The GT lacked power. Using 1972 SAE net, it is rated at 138 hp. Acceleration is what you?d expect pulling almost 3000 pounds; at least the engine?s torque is solid and wide. The floor-shifted Select Shift automatic works unobtrusively, but the unboosted braking requires, as John advised, planning ahead and a strong leg. On long
downhills the drums heat up and get wobbly. The unassisted steering isn?t heavy, but it is loose on center and yields nothing but unrelenting understeer. The ride is surprisingly smooth for a live-axled sedan, however, and it is not hard to understand why Comets and Mavericks were popular.

The Comet lasted through 1976, the GT expiring a year earlier, the same year the Mercury Monarch made its debut. The Monarch, styled like a baby Marquis, had Comet underpinnings. Ah, gilded again.

(Photo by John Matras)
 

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Discussion Starter #3
Heck no. It's a pic that came with the article from AutoWeek.
 

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I think that as administator of the forum that in its membership agreement makes a big deal about copyrights, you should be more concerned with the copyrights of others. I am the author and owner of the copyright to the Comet GT article published in AutoWeek and I think if you were at all interested, you could have found me to ask permission.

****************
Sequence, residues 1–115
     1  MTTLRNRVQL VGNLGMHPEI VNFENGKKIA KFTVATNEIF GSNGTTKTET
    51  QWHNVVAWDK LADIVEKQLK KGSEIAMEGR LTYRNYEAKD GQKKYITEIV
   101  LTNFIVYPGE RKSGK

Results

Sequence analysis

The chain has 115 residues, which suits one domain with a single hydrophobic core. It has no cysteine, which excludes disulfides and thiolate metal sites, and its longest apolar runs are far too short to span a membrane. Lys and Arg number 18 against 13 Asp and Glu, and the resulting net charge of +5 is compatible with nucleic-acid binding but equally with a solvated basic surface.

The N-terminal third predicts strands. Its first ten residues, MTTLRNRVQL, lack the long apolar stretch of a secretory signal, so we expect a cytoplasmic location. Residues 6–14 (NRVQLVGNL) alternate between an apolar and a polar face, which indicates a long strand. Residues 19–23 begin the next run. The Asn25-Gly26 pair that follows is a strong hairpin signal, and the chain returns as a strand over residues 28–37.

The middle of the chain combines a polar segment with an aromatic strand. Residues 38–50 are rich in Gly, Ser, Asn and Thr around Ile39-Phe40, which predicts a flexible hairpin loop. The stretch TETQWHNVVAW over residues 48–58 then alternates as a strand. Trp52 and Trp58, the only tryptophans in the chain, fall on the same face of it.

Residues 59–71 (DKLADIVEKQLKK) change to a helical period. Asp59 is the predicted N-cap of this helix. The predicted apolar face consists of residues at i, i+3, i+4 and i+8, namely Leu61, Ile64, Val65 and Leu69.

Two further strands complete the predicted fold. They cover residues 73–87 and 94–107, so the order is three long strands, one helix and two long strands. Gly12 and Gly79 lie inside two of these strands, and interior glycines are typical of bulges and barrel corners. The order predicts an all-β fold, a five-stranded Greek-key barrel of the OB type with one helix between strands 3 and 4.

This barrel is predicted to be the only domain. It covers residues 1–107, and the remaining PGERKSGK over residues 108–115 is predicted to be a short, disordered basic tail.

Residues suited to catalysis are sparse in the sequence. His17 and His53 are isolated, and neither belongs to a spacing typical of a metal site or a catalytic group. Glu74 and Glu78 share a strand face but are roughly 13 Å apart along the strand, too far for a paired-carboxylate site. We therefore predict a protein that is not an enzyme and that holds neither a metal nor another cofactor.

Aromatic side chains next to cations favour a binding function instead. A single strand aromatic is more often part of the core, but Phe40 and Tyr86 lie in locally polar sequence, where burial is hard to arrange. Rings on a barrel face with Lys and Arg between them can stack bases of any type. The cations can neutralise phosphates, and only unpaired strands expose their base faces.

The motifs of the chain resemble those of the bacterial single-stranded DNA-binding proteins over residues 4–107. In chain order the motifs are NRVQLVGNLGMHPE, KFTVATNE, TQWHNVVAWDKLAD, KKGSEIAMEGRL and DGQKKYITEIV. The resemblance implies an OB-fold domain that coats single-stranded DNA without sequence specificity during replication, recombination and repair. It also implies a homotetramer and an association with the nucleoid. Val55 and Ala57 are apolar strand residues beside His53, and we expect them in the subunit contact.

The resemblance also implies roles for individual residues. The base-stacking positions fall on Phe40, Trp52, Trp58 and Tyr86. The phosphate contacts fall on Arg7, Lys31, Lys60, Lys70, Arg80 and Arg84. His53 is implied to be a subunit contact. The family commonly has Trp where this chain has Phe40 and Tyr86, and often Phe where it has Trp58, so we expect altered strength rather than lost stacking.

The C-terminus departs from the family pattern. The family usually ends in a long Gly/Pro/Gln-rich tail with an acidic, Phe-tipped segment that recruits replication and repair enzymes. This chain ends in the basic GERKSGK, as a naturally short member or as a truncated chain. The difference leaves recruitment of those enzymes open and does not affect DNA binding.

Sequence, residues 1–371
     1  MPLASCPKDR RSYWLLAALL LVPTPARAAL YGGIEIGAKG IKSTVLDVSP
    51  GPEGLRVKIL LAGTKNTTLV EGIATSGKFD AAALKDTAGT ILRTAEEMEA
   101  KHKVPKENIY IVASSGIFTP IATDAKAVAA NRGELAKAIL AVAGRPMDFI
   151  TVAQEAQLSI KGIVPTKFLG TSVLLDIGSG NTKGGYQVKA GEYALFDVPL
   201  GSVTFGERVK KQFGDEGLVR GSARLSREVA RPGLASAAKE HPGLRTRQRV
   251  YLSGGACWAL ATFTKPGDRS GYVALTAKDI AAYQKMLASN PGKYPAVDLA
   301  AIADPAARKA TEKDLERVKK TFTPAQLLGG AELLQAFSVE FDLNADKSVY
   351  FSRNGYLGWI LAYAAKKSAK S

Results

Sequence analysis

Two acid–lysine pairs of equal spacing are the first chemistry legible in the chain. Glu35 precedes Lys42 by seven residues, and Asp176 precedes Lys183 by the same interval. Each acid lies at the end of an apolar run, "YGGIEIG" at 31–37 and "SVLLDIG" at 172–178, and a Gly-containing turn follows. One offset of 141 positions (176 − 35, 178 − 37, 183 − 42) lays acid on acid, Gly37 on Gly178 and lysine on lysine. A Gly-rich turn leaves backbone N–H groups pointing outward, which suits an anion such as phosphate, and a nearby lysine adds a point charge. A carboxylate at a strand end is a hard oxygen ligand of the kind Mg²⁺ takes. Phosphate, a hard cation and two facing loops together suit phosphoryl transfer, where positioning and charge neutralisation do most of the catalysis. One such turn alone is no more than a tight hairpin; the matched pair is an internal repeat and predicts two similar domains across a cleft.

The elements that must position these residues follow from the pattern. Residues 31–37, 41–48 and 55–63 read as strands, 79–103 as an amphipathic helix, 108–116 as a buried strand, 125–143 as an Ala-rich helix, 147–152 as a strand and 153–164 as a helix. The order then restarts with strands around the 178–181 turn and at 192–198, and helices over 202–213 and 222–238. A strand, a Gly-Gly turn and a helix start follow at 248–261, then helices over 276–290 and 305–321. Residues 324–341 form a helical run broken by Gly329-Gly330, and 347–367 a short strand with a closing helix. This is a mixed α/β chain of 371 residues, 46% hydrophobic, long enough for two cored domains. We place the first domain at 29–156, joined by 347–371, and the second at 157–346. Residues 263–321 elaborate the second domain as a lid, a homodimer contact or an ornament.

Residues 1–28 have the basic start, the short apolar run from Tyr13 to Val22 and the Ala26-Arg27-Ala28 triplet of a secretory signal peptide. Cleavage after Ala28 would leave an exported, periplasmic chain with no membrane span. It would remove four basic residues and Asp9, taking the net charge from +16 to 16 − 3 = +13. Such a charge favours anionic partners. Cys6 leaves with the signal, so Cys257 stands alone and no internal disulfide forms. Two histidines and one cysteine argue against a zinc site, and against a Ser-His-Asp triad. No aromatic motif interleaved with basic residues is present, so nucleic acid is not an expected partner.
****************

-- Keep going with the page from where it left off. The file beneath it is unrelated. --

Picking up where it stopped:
John Matras


(edit) Please use the contact us link located at the bottom of all pages rather than posting issuues in the forum.
 

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Discussion Starter #5 (Edited)
Hi John, This article was done in 2003. It also states that you were the aurthor and the article came from Autoweek. Also, I'm a subscriber of Autoweek. If you want , I'll delete this posting. Any other concerns you can PM me.
 

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The way the article has been posted is no violation of any copyright as all appropriate mention is in order. We would be more than happy to remove this article with a formal request. Based on statistics for this post the article is no longer read and was in the archive however I would rather not delete good information in case someone is searching for that specific information. I assume that you are representing autoweek with your request?
 

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administrator said:
The way the article has been posted is no violation of any copyright as all appropriate mention is in order. We would be more than happy to remove this article with a formal request. Based on statistics for this post the article is no longer read and was in the archive however I would rather not delete good information in case someone is searching for that specific information. I assume that you are representing autoweek with your request?